Calendar An icon of a desk calendar. Cancel An icon of a circle with a diagonal line across. Caret An icon of a block arrow pointing to the right. Email An icon of a paper envelope. Facebook An icon of the Facebook "f" mark. Google An icon of the Google "G" mark. Linked In An icon of the Linked In "in" mark. Logout An icon representing logout. Profile An icon that resembles human head and shoulders. Telephone An icon of a traditional telephone receiver. Tick An icon of a tick mark. Is Public An icon of a human eye and eyelashes. Is Not Public An icon of a human eye and eyelashes with a diagonal line through it. Pause Icon A two-lined pause icon for stopping interactions. Quote Mark A opening quote mark. Quote Mark A closing quote mark. Arrow An icon of an arrow. Folder An icon of a paper folder. Breaking An icon of an exclamation mark on a circular background. Camera An icon of a digital camera. Caret An icon of a caret arrow. Clock An icon of a clock face. Close An icon of the an X shape. Close Icon An icon used to represent where to interact to collapse or dismiss a component Comment An icon of a speech bubble. Comments An icon of a speech bubble, denoting user comments. Ellipsis An icon of 3 horizontal dots. Envelope An icon of a paper envelope. Facebook An icon of a facebook f logo. Camera An icon of a digital camera. Home An icon of a house. Instagram An icon of the Instagram logo. LinkedIn An icon of the LinkedIn logo. Magnifying Glass An icon of a magnifying glass. Search Icon A magnifying glass icon that is used to represent the function of searching. Menu An icon of 3 horizontal lines. Hamburger Menu Icon An icon used to represent a collapsed menu. Next An icon of an arrow pointing to the right. Notice An explanation mark centred inside a circle. Previous An icon of an arrow pointing to the left. Rating An icon of a star. Tag An icon of a tag. Twitter An icon of the Twitter logo. Video Camera An icon of a video camera shape. Speech Bubble Icon A icon displaying a speech bubble WhatsApp An icon of the WhatsApp logo. Information An icon of an information logo. Plus A mathematical 'plus' symbol. Duration An icon indicating Time. Success Tick An icon of a green tick. Success Tick Timeout An icon of a greyed out success tick. Loading Spinner An icon of a loading spinner.

Geoffrey Palmer: Veteran screen actor famed for his world-weary characters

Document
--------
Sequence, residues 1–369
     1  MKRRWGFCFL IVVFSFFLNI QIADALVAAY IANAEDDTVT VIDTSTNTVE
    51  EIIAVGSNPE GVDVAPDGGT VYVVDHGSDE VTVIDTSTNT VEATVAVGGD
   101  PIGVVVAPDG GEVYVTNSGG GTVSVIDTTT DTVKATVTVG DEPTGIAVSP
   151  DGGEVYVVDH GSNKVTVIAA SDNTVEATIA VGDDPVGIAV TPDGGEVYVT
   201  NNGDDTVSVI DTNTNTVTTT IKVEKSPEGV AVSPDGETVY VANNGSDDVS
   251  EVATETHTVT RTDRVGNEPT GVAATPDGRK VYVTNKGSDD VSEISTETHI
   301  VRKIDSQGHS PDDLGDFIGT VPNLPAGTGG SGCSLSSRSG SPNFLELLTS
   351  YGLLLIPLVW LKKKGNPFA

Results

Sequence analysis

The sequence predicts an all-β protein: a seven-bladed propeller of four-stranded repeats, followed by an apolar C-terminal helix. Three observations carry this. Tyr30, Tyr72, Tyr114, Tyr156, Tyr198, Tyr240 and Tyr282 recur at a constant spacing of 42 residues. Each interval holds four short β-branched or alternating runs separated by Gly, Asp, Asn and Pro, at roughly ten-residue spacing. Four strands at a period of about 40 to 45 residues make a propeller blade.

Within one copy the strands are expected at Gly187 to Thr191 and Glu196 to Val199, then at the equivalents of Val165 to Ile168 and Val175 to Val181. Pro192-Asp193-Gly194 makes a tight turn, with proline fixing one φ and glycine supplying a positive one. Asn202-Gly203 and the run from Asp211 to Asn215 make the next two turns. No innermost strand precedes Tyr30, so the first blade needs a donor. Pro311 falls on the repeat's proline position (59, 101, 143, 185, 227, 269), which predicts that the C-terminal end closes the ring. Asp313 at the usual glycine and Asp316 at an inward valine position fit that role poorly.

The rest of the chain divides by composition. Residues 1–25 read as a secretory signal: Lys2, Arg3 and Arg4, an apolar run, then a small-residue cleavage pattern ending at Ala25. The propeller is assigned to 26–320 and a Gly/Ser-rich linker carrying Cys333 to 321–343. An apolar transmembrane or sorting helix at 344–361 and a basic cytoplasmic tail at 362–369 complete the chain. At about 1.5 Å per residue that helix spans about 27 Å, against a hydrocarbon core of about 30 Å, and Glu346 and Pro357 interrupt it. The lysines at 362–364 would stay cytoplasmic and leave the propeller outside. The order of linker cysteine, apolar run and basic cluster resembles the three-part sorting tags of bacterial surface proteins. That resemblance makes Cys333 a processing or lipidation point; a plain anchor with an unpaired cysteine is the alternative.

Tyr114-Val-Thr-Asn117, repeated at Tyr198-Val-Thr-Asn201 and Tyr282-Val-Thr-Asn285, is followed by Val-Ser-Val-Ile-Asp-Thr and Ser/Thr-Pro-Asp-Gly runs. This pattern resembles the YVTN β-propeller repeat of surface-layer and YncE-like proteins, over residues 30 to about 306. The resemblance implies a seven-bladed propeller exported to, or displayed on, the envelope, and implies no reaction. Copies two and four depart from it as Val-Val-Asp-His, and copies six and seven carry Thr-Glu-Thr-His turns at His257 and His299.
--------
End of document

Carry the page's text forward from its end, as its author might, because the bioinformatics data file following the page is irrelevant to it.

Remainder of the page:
Dame Judi Dench and Geoffrey Palmer (Kirsty O’Connor/PA)
Dame Judi Dench and Geoffrey Palmer (Kirsty O’Connor/PA)

Geoffrey Palmer was known for roles in sitcoms including Butterflies and As Time Goes By, as well as his enduring kindness and famously hangdog expression.

The actor, who has died aged 93, worked across film, TV and radio during a six-decade career that saw him appear in British franchises such as Doctor Who and James Bond.

Born in London on June 4 1927, Palmer attended Highgate School in north London before serving in the Royal Marines between 1946 and 1948.

Geoffrey Palmer death
Geoffrey Palmer with his wife Sally (Peter Jordan/PA)

He launched his acting career with roles in ITV’s The Army Game, Ken Loach’s Cathy Come Home and The Avengers.

Palmer dabbled in theatre and was directed by Laurence Olivier in JB Priestley’s Eden End. He reportedly found the play so boring it put him off a stage career for good.

He turned to TV and found critical acclaim with a role in The Fall and Rise of Reginald Perrin and Butterflies, playing world-weary characters.

From 1992 he starred alongside Dame Judi Dench in the sitcom As Time Goes By, which followed former lovers who rekindled their relationship after more than three decades.

Geoffrey Palmer death
Alison Steadman, Geoffrey Palmer and Roger Lloyd Pack in rehearsal at the Royal Court Theatre for Alan Bennett’s play Kafka’s Dick (PA)

In 1997 he twice again shared the screen with Dame Judi – in the Bond film Tomorrow Never Dies, playing Admiral Roebuck, and in Mrs Brown, about Queen Victoria’s relationship with her servant John Brown.

His film appearances included A Fish Called Wanda, The Madness of King George and Clockwise, and he played Dr Price in the Fawlty Towers episode The Kipper and the Corpse.

Palmer’s hangdog demeanour was integral to many of his best-known roles, although it did not reflect his true personality.

He once said: “I’m not grumpy. I just look this way.”

Geoffrey Palmer death
Geoffrey Palmer with wife Sally (left) and daughter Harriet after becoming an OBE (Johnny Green/PA)

A largely private man, Palmer was a keen fly fisherman and once appeared in a DVD series titled The Compleat Angler, in which he retraced Izaak Walton’s 17th century book of the same name.

In 2011 he joined the campaign to try to halt plans for the HS2 railway line, the proposed route running close to his home in Buckinghamshire.

In an interview with the BBC he described it as a “vanity project”.

His career also took in a number of memorable adverts.

He introduced the British audience to the slogan “Vorsprung durch Technik” in a series of adverts for Audi cars, and encouraged them to “slam in the lamb” for the Meat and Livestock Commission.

He married Sally Green in 1963 and the couple share two children including the director Charles Palmer.

He was made an OBE for services to drama in the 2004 New Year’s Honours List.

Already a subscriber? Sign in

[[title]]

[[text]]